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If Mark Cuban could change your sports section, here's what he'd do:

Discussion in 'Journalism topics only' started by enigami, Dec 1, 2006.

  1. SoSueMe

    SoSueMe Active Member

    Ten per cent?! 15 per cent?! I recall working with someone who had come from a decent sized daily which was family owned when he worked there. He said they aimed for eight per cent profit. Everything else after that was a bonus. Now, some papers are asking for 32 per cent profit margins!
  2. daemon

    daemon Well-Known Member

    The mentality that newspapers are only struggling because of their public ownership is ludicrous.

    Newspapers everywhere are struggling, whether they are privately owned are publicly owned.

    Are those struggles exacerbated at publicly owned papers? Sure.

    But to blame it all on greedy corporate suits is to ignore the real problems plaguing the industry.

    Again, I'm not sure what DyePack's comment meant, but I'll say it again: nobody in this business knows how to properly market/promote/advertise the product.

    We need to pimp what we do well. We need to tell people WHY they should be reading newspapers.
  3. DyePack

    DyePack New Member

    And then we need to keep doing everything possible to give them reasons every day not to do so.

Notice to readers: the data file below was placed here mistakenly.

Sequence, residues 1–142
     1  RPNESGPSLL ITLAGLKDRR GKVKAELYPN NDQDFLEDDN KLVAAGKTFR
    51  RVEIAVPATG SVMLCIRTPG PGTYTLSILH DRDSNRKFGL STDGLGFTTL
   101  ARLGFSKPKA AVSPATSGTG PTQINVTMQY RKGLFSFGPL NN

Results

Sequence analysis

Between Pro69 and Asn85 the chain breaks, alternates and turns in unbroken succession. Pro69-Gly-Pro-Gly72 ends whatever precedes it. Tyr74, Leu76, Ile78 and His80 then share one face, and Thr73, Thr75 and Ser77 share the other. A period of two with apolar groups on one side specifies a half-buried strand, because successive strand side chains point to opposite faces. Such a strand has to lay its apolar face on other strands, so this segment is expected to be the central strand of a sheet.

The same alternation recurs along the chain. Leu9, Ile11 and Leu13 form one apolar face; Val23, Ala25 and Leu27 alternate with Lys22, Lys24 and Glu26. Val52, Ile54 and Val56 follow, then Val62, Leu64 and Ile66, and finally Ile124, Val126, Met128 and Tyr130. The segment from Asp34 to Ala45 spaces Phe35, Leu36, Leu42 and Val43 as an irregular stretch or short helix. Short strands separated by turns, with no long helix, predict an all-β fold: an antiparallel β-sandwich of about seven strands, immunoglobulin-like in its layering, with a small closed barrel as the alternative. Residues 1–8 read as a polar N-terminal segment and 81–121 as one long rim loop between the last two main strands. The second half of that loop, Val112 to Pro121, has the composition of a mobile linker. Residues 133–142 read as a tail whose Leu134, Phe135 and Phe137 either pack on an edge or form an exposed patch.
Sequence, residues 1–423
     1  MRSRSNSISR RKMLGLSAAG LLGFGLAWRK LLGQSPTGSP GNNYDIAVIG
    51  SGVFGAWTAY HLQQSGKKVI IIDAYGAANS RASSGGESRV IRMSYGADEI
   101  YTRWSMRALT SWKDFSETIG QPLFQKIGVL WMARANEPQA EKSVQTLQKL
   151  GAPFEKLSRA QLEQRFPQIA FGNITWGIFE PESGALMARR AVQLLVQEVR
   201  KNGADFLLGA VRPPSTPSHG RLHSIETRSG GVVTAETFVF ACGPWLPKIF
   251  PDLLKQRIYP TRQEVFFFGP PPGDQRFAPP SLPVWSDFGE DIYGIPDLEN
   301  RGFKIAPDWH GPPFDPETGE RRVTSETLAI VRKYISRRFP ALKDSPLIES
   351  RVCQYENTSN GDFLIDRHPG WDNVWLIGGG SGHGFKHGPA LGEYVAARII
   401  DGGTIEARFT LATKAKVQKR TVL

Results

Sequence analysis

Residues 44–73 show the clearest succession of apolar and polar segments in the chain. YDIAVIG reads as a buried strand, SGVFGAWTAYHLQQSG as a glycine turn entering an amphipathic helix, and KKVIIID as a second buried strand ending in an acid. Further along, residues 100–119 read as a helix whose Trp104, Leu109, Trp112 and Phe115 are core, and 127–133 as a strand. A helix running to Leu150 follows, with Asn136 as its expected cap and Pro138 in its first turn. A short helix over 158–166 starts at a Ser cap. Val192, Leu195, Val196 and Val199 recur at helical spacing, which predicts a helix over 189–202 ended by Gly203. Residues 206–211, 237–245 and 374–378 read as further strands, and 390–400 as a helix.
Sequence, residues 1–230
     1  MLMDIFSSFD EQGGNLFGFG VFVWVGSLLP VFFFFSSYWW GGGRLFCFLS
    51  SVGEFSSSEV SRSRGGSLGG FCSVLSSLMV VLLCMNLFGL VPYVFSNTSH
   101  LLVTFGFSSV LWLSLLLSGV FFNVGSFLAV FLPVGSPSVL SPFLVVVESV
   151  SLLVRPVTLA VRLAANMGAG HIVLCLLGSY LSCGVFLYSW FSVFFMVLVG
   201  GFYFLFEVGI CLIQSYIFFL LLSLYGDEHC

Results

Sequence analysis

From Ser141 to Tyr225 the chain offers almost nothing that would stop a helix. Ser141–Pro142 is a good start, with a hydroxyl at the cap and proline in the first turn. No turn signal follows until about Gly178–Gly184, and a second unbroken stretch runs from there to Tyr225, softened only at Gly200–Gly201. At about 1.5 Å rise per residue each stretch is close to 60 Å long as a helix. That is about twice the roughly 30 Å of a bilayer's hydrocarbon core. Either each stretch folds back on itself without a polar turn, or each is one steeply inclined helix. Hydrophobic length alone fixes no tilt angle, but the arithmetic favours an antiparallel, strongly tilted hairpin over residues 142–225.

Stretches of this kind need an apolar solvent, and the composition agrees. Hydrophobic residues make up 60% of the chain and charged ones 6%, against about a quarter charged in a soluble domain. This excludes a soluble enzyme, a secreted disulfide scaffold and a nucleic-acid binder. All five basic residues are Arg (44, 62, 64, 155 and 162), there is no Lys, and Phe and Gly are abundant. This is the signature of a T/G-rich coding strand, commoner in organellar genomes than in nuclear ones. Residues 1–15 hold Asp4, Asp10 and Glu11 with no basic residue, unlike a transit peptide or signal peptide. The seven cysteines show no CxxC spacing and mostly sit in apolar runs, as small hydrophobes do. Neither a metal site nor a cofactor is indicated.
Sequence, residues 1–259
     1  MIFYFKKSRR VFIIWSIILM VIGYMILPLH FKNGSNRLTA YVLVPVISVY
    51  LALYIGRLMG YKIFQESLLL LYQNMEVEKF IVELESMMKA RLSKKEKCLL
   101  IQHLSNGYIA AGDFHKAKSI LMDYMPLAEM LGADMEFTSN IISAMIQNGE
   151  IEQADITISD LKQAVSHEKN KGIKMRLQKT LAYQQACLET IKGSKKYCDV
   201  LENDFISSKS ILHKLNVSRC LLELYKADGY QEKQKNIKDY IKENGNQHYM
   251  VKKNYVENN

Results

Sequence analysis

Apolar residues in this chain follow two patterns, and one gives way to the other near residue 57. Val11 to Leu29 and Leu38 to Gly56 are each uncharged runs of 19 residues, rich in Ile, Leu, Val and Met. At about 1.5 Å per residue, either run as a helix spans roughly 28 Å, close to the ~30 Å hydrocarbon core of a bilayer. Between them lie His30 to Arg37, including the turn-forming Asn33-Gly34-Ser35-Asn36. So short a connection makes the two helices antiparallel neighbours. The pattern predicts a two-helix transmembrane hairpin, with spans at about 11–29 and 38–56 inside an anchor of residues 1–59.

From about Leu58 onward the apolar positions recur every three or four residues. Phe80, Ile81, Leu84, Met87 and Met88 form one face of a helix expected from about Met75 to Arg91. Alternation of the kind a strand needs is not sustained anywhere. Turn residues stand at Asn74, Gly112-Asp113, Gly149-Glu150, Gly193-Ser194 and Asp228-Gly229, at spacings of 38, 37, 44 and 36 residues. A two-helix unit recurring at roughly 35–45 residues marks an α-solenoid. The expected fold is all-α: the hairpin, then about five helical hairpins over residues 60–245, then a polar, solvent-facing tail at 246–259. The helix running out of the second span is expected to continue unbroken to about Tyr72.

4. EE94

    EE94 Guest

    Report for the web.
    Quick news, nuts and bolts, changing story lines (trade discussions etc.)

    Write for the paper.
    Entertaining the reader, analysis, context, human interest
  5. SoSueMe

    SoSueMe Active Member

    Couldn't agree more, for the umpteenth time. WHY won't ME's and publishers grasp this!?

    Oh, I know why!

    Management is TRYING to kill newspapers! Think of how much money they save if EVERYTHING is online. No pressman, no layout, no design, no cost of paper, delivery, etc.
  6. Frank_Ridgeway

    Frank_Ridgeway Well-Known Member

    This has never worked. PM papers tried going less newsy and died anyway.
  7. I agree that we as an industry are going too far with the internet stuff. Marketing is the key now. We have to figure out what we do better and pimp that.

    I totally love Cuban's idea on how you don't write for the readers. You write for the product that you're hoping they'll enjoy and grow to love. All these fan stories are a perfect example of what is fucked up. How does that bolster any reader's "sports currency"?

    They want information. They can get opinions from the 100 other fans they know. Give the fans insight and scoop and yummy factual goodness they can't get from the TV schmoes. The internet guys are very good in some cases (Pat Forde in particular) but they have to write for a really wide audience. Us local peeps should be more relevant to the local readers ...
  8. daemon

    daemon Well-Known Member

    Frank - If you start looking at all portals -- web and print -- as "the newspaper," then it doesn't become a case of becoming "less newsy." We still provide the news, we just do it online. Then we use the space we have for the paper to provide context, insight, analysis. To flush it out. To give people a good read.

    Believe it or not, people want to be able to read an entire newspaper article. They want to sit down for a half hour, read the sports section front page to back page, and come away feeling informed, entertained and satisfied.